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05.07.2009

The Future of Wine: Urban Vineyards?

In an age of backlash against big-business agriculture and of increasing value placed on local, sustainable living, the phenomenon known as urban farming flourishes. From tiny planters on the balconies of chic lofts to reclaimed industrial lots, city dwellers in some of America's larger urban centers are finding joy and sustenance in growing their own organic food.

And if people can grow tomatoes and corn in an old vacant lot, then why can't they grow wine grapes?

My friend, winemaker Bryan Harrington, has planted Pinot Noir in several places within the San Francisco city limits over the years and I know a couple of people who have a few vines in their back yards in the city, which they use to make tiny quantities of wine.

Urban viticulture may have just entered a new era, however, as a substantial commercial vineyard has been installed in the city limits of London. A joint venture between a local horticultural college and the urban farm that provided the land, Forty Hall Vineyards hopes to produce a commercial product in time for the 2012 London Olympics.

I wish them luck, if only because I'd love to see more of these types of experiments that can bring wine that much closer to everyone's back yard. With a little more global warming, I might just be able to put a couple of vines in mine.

Comments (20)

05.08.09 at 7:12 AM

Did you know that Switzerland has a long history of urban winemaking? For example, as of today, 13.37 hectares of vineyards can be found within the city limits of Zurich, the biggest Swiss city.

05.08.09 at 7:33 AM

Your post reminds me of a book I once read called Guerrilla Gardening by Richard Reynolds. His book is more about changing our communities through illicit gardening. Interesting stuff.

I'm also reminded of how Vienna is the world's only metropolis with significant wine cultivation within city limits. Did you know it has about 700 hectares serving wine production? It's the only city I'm aware of with commercial-level wine production within its limits. On improving air quality alone this is commendable. All those hectares not only serves production, but also preserves the environment. You can even take a tram out to the vineyards & wine taverns, the Heurigen Express I think it's called. I'm going to Vienna in June and hope to hop aboard.

Darcy & Huber Selections is an importer I know of who is bringing many interesting wines from Vienna to the U.S. Not just the GVs, but other varietals like Zweigelt. As I'm sure you know Vienna also is known for its organic & biodynamic wines, which D&H's portfolio displays nicely. I just went to a D&H tasting that featured many Viennese wines. I especially loved the Weingut Christ Gelber Muskateller. Rainer Christ's wines are known for being unfiltered and biodynamic. Did you know that he is one of 630 wine producers in Vienna? It's astounding to me how this luxurious city manages to blend style and culture with its agricultural tradition.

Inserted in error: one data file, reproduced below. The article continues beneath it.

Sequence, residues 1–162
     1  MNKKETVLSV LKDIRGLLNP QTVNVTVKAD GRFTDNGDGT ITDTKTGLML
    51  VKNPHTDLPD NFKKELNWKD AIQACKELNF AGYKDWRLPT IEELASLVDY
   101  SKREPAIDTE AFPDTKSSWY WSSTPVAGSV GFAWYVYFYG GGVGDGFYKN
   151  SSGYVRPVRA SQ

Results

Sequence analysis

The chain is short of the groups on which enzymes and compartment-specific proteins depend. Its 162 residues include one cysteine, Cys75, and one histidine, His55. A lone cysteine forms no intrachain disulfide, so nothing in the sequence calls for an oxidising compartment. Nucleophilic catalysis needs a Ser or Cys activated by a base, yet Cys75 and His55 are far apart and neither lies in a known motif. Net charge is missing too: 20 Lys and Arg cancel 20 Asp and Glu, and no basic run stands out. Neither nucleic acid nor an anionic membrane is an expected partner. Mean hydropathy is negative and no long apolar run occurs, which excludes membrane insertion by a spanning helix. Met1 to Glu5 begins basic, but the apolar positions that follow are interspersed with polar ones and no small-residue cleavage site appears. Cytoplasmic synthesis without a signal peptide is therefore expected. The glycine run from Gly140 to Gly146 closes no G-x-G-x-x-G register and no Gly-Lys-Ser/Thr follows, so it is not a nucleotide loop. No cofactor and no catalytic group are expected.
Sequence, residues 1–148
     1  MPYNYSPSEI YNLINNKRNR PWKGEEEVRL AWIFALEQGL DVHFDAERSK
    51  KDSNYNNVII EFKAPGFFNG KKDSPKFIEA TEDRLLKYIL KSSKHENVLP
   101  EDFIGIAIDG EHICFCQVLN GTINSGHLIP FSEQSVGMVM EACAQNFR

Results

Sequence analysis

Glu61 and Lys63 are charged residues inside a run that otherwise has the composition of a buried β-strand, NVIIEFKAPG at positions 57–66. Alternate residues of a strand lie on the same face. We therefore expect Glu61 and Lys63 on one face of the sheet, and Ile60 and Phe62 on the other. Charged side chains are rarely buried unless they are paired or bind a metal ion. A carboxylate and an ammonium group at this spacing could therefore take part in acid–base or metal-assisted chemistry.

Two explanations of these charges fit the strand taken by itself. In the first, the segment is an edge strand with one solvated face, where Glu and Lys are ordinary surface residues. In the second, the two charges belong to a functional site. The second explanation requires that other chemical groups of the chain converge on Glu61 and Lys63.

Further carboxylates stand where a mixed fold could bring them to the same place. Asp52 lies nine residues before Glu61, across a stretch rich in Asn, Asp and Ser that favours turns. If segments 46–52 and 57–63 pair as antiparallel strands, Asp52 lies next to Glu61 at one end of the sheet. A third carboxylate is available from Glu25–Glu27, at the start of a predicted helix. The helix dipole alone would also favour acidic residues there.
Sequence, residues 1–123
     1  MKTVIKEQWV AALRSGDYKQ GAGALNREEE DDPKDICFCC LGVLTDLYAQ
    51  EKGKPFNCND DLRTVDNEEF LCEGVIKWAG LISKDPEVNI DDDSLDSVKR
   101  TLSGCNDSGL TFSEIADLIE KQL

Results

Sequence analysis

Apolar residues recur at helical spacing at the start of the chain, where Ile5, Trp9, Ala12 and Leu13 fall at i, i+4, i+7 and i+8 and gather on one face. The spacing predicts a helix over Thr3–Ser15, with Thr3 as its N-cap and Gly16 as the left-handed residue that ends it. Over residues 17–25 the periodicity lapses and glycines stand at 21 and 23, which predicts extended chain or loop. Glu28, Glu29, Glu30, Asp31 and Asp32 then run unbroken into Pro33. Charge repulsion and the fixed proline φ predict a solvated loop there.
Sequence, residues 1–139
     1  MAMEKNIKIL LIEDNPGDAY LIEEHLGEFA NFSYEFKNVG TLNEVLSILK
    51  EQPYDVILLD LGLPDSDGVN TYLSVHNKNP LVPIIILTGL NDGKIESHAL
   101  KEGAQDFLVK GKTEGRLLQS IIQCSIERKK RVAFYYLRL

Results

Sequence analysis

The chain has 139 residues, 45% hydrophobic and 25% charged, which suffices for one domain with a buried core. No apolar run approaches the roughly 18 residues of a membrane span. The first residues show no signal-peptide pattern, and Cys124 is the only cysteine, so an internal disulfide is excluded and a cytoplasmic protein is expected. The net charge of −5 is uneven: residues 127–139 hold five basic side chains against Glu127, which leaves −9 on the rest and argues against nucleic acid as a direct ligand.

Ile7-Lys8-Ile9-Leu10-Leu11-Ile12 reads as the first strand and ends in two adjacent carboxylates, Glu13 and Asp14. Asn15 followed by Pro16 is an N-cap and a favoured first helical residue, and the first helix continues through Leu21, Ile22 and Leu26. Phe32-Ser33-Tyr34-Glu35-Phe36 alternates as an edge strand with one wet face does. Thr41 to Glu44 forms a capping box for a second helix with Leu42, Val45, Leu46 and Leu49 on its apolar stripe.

Alder wrote:
05.08.09 at 9:30 AM

Further proof that Europe is a more advanced civilization? Thanks for the notes on Zurich and Vienna!

John wrote:
05.08.09 at 1:09 PM

Alder...

in the words of Rob Schneider, "Yoo can doo it!"

http://www.bloglines.com/blog/zinguy?id=83

Arthur wrote:
05.08.09 at 2:13 PM
JD wrote:
05.11.09 at 1:19 AM

Yes, Zurich and Vienna are great examples of urban winemaking. Let's also not forget Bordeaux: Many of today's Pessac-Léognan wines, including the famous Château Haut-Brion or Château Pape-Clément, come from suburban areas of Bordeaux city.

Dylan wrote:
05.11.09 at 10:47 AM

Perception is truly as eye-opening as it is deceiving. I never thought to look at grape vines as a suitable backyard plant, but you're right, Alder. There's no reason, with the exception of climate, that it's not possible to grow your own grapes on a small plot of land.

dave wrote:
05.11.09 at 2:32 PM

The only problem is:

the wine would be just as polluted as the air we breath. I can even imagine the tasting notes.....

Wonderful notes of petrol, with deep layers of garbage residue, with a long and smooth polluted finish........

If it is possible to taste the effects of a clean environment, and it is possible, then I dont even want to know the flavors that would come from a polluted environment.


Hank wrote:
05.11.09 at 5:23 PM

I grow Zinfandel, Graciano and Aglianico in my backyard just outside of Sacramento. The vines are young, but the wines are pretty good. I started doing this because it is hard to find graciano or aglianico in stores -- and because I think these varieties do well in our climate.

Steve Howe wrote:
05.15.09 at 6:47 PM

One of my favorite wineries is Rosenblum Cellars located smack in the middle of the Bay Area. Urban wineries can grow the grapes elsewhere and produce premium wines from an urban location.

Ashley wrote:
05.20.09 at 6:15 AM

Another addition to London Urban Vineyards is this smaller plot located on the Twickenham Road in Hounslow greater London. I stumbled across it on my way to the market to get some food. They have Reisling, Pinot Noir, and a red called Dunkelfelder planted.

http://thewinelondon.blogspot.com/search/label/urban%20vineyard

http://www.hazelmurray.com/vineyardvision/vineyard-story.php

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